I’ll say one thing for Crawl, the new gator caper clawing its way into theaters this weekend: It’s rather snappily paced. Clocking in at an easy, breezy 87 minutes, director Alexandre Aja’s film wastes absolutely zero time setting its scaly predators on its unsuspecting victims, who are trapped in a creepy crawl space under their home. And because co-writers Michael and Shawn Rasmussen (The Ward, The Inhabitants) surmised that viewers might require a bit more peril from a summer popcorn flick, they’ve also added in a Category 5 hurricane into the equation. Twister, meet Jaws, and add a sprinkling of slasher iconography (here, the crawl space substitutes for the basement, since the setting is Florida, but c’mon, white people — when will you learn to stop walking down those stairs armed with only a flashlight?).
Unfortunately, despite this unique hybrid summer-movie plot pedigree, and despite being prominently plugged as a Sam Raimi production, Crawl is somehow a bit lacking in the personality department. Part of the problem is that British actress Kaya Scodelario (primarily known for her work in the Maze Runner film series, as well as TV shows like Skins) is given so little to work with in her role as Haley, a focused, overachieving college student on the swim team at the University of Florida (go Gators!), who drives down to her childhood home to make sure her father (Barry Pepper) — who recently went through a divorce and isn’t answering her calls — is safe as the storm sets in. Scodelario is game and gives it her all, but she’s essentially the only character we spend any prolonged time with in this film, as when she arrives at the house, she finds her dad unconscious in the crawl space, with ominous injuries to his shoulder and leg.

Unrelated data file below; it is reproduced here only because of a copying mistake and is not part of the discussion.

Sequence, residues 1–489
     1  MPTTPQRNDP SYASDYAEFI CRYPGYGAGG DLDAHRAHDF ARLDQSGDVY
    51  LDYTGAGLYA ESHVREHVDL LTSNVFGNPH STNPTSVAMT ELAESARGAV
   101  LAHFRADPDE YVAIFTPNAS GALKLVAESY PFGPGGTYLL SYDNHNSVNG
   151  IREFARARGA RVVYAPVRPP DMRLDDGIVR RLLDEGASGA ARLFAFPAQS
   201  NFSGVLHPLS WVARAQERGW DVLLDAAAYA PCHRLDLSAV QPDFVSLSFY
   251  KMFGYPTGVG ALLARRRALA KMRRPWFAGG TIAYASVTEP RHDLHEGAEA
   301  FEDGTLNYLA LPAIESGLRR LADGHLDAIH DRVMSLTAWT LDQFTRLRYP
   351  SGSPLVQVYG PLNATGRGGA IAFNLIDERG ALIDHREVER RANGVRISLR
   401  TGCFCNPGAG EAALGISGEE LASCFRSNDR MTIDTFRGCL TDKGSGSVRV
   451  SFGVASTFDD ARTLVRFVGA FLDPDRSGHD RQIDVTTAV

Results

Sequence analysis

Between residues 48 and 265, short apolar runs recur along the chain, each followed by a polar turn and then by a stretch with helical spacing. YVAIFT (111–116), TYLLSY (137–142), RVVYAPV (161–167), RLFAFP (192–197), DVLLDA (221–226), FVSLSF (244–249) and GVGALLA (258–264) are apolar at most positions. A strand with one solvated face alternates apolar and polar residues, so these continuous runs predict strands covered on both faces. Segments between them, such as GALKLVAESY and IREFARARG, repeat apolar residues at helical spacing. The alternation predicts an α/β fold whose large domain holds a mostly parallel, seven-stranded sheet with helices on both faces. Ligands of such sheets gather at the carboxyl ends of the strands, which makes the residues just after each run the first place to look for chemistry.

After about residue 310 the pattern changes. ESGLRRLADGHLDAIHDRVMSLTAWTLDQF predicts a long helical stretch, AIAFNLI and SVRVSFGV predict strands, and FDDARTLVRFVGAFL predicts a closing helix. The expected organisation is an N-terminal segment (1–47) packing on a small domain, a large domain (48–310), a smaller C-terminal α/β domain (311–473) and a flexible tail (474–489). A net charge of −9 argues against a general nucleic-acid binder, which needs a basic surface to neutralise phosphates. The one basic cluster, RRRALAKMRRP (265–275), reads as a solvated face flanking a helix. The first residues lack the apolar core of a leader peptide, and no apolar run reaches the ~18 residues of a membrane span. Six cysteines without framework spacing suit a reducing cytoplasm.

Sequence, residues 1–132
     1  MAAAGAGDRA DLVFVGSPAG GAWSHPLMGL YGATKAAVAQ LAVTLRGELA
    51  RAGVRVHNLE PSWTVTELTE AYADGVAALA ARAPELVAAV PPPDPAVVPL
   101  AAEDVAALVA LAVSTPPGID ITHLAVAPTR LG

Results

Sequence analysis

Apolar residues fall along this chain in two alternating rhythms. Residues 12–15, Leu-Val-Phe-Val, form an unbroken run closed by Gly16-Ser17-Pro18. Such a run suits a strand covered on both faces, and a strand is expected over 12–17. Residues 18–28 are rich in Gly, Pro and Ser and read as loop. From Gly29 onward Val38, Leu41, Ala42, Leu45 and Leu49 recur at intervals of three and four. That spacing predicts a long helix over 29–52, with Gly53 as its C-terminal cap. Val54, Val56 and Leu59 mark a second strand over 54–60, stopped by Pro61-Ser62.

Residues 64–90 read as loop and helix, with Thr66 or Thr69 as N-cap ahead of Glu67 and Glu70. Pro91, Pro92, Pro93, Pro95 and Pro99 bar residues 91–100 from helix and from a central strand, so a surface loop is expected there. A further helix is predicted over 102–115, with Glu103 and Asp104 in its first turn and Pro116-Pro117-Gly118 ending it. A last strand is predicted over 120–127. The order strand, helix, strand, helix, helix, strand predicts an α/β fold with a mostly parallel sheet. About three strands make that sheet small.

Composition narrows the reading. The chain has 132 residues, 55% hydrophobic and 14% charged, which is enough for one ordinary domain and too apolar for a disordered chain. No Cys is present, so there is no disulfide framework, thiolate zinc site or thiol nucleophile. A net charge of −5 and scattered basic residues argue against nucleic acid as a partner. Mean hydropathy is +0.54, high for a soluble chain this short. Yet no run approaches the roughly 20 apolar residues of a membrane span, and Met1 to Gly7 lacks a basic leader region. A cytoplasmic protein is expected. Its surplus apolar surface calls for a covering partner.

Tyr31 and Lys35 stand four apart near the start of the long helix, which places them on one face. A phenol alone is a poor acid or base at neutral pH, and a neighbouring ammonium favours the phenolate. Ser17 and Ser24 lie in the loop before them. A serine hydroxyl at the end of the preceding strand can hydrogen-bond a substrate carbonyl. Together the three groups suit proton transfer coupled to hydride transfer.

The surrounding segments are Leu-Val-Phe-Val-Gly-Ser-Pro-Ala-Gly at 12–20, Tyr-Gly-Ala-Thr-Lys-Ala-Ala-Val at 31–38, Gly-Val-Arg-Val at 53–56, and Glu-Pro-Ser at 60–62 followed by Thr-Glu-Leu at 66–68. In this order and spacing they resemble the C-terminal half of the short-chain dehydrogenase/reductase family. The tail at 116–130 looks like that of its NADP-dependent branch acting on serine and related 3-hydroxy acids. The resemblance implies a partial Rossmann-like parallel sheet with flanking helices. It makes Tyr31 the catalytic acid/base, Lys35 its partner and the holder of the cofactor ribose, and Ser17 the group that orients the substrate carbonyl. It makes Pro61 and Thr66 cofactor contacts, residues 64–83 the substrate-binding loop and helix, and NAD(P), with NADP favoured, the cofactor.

As she attempts to drag dear ol’ dad out of the crawl space — where he had been working on a plumbing repair — so they can seek help, she immediately comes face to face with a big ol’ gator, and they’re forced to seek refuge behind some pipes where the creatures can’t fit. The water level keeps rising as the hurricane grows closer, and their options for escaping seem to be dwindling: There’s furniture sitting on the would-be escape hatch, and they can’t go through the drainage pipes because that’s where the alligators (yep, they soon discover there’s more than one) keep getting in from. Pretty much anyone who could have come to their rescue meets a grisly end, and here the filmmakers have some fun dreaming up some inventive action sequences. Watching a petty and completely unsuspecting teenage looter get snapped up while grabbing a few hot dogs (and one last Twinkie!) from the nearly submerged convenience store across the street? Perversely satisfying.
Crawl’s at its B-movie best when it attempts to insert some grim humor into the proceedings, but unfortunately it mostly eschews comedy in favor of half-baked father-daughter drama (yep, you guessed it, Haley’s dad used to be her rather demanding swim coach, and yep, they’re both quite stubborn and hard-headed, as outlined in an incredibly expository phone call between Haley and her older sister early on in the film). There’s something tonally bland about the entire thing: While the action sequences are compelling and the film more than delivers on its simple premise (killer alligators, y’all), the end result just isn’t particularly memorable or compelling — the filmic equivalent of a cheap souvenir that says “My parents went to Coral Lake, and all I got was this T-shirt.” There are probably better ways to beat the heat.